The economic landscape still looks pretty gloomy despite (because of?) massive increases in federal government spending by Congress. Want something else to worry about? What if your government suddenly went belly up on some or all of its public debt IOUs?
Impossible you say? Not really.
When individuals or businesses have long-run expenses that exceed anticipated incomeand have neither capital nor savings to fill in the gapthey often declare bankruptcy. And though it is rare, even some city governments (i.e., Vallejo, Calif.) have been plunged recently into insolvency and bankruptcy, and some state governments (with heavy pension costs) might consider it. But could it happen to our own federal government?
Most economists have always regarded this possibility as nearly unthinkable. After all, the U.S. government has never defaulted on a penny of its debt obligations in over 220 years. What this means is that when the Treasury sold government bonds, the bondholders have always received their interest payment and have always had their original principal returned at maturity. In that sense, U.S. government bonds have been 100 percent safe.
There are several ways that U.S. debt could become risky and unsafe and increase the likelihood of a general or partial default. The most obvious problem would be that Congress becomes unwilling or unable to raise taxes sufficient to pay, by law, the interest on the national debt.
So far this has not been an insurmountable problem despite the fact that in FY 2009, the interest cost to carry the U.S. public debt was $383 billion. (For a frame of reference, the budget for NASA last year was $19 billion.) The carrying costs by year 2019 are estimated to be more than $700 billion.
But these historical costs and projections are based on conservative guesses about deficits and interest rates. What if annual deficits now become trillion dollar holes (as they have) and rising interest rates (as are likely) force governments to pay far more to fund their increasing debt?
The analogy here would be to a credit card holder who already has debt, spends more this month than last, accumulating even more debt and, in addition, faces increasing payments every month because of higher interest rates. It becomes an impossible situation.
In the case of ever-increasing public debt, where does the new money come from to carry this increasing burden? Federal taxes would have to be increased to extraordinary levels; but this effort would prove self-defeating since it would likely destroy incentives and the economy to boot.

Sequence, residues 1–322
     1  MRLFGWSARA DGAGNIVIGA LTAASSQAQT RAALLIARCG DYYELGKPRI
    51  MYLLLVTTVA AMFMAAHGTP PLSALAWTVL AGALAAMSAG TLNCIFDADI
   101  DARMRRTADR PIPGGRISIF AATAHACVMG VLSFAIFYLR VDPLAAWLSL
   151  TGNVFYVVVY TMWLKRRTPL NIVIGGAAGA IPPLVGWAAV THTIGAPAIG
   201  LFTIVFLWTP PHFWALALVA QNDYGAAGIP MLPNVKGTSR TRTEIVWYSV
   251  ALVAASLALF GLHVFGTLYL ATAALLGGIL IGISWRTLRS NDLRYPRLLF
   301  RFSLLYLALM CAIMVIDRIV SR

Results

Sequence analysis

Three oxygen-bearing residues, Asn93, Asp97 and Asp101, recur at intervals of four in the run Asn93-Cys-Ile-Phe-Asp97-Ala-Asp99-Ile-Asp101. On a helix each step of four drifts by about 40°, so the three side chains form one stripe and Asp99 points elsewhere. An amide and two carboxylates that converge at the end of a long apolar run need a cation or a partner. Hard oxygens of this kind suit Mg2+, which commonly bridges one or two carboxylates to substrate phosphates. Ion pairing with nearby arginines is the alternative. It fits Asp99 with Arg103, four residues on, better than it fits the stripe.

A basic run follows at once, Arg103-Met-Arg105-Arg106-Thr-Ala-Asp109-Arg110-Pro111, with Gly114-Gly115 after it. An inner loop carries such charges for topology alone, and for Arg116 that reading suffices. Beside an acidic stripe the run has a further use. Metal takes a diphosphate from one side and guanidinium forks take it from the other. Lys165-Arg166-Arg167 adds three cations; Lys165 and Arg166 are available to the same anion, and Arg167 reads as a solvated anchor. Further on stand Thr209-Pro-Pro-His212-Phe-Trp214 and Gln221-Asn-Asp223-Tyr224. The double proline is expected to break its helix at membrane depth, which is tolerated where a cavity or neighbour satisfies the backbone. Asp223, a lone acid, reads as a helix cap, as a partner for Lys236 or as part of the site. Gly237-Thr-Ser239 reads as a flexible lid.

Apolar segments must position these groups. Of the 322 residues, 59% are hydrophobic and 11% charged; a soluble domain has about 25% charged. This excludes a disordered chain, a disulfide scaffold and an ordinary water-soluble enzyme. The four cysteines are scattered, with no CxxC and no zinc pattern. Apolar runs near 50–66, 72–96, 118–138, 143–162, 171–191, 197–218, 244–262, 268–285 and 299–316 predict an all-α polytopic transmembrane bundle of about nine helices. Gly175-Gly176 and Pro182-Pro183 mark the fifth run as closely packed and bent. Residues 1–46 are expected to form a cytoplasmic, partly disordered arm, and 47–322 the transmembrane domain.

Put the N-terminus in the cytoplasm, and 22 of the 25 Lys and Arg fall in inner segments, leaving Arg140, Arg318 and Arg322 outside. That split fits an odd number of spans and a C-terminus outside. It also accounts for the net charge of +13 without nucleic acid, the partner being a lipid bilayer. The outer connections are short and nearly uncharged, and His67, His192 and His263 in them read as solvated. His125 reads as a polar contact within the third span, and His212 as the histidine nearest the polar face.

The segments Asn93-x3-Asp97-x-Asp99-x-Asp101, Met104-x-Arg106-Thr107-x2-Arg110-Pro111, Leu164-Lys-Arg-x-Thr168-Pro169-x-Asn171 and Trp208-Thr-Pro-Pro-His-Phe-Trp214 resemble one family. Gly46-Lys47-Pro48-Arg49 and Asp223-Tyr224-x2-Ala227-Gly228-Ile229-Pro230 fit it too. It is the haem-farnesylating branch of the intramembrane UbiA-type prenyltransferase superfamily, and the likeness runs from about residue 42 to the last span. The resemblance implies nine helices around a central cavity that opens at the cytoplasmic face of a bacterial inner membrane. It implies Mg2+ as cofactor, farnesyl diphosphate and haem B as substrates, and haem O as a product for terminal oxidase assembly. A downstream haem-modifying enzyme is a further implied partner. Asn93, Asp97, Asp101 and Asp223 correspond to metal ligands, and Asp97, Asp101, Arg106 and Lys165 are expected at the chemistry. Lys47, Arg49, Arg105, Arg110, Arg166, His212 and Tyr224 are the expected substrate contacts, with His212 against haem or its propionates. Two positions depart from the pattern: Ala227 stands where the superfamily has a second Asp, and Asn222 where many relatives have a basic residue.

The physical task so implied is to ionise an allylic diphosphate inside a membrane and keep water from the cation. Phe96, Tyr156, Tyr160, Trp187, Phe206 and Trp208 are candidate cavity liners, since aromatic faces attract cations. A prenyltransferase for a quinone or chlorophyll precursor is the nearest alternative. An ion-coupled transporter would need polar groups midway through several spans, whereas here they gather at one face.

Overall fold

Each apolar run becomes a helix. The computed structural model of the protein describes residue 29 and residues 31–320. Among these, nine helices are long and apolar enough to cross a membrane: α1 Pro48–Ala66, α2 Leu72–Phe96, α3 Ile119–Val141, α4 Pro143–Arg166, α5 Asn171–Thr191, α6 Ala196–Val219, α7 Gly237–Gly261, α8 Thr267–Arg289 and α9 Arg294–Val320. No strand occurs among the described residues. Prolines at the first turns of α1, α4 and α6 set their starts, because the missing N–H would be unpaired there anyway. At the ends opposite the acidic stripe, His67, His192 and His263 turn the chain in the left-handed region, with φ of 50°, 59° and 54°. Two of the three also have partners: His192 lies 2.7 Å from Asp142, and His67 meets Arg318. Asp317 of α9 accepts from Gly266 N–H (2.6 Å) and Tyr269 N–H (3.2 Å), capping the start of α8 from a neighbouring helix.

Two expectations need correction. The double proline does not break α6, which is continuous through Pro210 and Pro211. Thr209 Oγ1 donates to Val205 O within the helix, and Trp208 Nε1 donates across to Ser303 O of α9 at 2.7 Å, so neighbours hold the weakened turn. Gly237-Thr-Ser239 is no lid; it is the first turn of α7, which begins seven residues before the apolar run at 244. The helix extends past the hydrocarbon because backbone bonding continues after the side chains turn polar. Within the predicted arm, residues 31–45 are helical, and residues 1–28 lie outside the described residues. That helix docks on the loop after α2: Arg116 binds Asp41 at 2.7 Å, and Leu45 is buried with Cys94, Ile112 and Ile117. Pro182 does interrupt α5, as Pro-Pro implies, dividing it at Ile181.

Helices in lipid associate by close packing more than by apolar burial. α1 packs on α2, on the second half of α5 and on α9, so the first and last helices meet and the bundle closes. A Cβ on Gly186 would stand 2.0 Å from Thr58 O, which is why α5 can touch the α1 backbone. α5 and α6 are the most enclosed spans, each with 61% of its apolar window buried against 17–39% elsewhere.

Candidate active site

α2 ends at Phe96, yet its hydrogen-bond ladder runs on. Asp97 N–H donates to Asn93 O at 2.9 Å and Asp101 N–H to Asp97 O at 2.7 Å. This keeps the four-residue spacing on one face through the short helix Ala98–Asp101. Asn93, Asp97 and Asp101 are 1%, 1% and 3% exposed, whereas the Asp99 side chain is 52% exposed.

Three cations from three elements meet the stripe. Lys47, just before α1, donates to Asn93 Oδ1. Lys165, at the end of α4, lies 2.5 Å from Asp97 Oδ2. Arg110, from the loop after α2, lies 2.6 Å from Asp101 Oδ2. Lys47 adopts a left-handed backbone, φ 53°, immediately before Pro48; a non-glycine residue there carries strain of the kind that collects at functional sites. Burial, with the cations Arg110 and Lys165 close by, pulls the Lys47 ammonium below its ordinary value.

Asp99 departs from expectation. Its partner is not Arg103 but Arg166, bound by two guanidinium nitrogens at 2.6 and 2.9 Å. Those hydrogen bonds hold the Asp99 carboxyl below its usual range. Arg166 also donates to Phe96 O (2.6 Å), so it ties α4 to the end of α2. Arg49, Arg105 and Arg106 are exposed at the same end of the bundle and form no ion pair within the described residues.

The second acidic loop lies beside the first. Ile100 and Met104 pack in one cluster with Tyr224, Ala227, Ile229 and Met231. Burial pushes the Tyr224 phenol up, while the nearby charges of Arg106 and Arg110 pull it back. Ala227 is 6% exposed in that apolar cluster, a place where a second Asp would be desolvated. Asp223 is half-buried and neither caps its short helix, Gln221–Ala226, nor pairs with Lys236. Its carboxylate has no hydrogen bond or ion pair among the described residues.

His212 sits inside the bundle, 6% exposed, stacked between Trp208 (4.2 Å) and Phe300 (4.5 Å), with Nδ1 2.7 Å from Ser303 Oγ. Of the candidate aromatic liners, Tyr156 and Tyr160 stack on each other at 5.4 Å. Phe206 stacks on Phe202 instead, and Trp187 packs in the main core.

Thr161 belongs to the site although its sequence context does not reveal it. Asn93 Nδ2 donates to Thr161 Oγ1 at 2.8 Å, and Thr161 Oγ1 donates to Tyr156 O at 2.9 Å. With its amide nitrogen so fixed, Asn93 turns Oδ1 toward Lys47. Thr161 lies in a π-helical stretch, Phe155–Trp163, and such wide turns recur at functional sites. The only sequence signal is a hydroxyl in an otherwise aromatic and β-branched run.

Another possible debt/default scenario, and just as depressing, is that the Federal Reserve continues to purchase more and more U.S. government debt. When the Fed purchases government securities in the open market it tends to push bond prices up and interest rates down, making it easier for the Treasury to market new debt and keep its funding costs low.
Unfortunately, the purchase of government securities (public debt) by the Fed leads to what economists call a monetization of that debt. Sellers of the securities get new money from the Fed and that new money normally works its way into the economy and raises prices for almost everything including interest rates.
The resulting inflation (or even the anticipation of it) also starts a vicious cycle of dollar depreciation that makes it even harder (at existing interest rates) to sell U.S. debt abroad. Again, as rates increase on more and more debt, the interest and refunding burden grows exponentially, and the once unthinkable becomes at least debatable.
Depressing as it is, however, the U.S. currency and debt/funding situation is actually in reasonable shape (as measured, say, by recent credit-default swap spreads) at least when compared to near basket-case countries such as Ireland, Spain, Portugal, and especially Greece.
A particularly dangerous example is Japan, where government debt is currently an astounding 200% of its GDP and is expected to rise to 230% by 2012. But none of this should make U.S. government bondholders at all smug since defaults on sovereign debt abroad could start a contagion that could swamp all boats. Stay tuned.
Dominick T. Armentano
Dominick T. Armentano is Research Fellow at the Independent Institute and professor emeritus in economics at the University of Hartford (Connecticut). He is the author of Antitrust & Monopoly.
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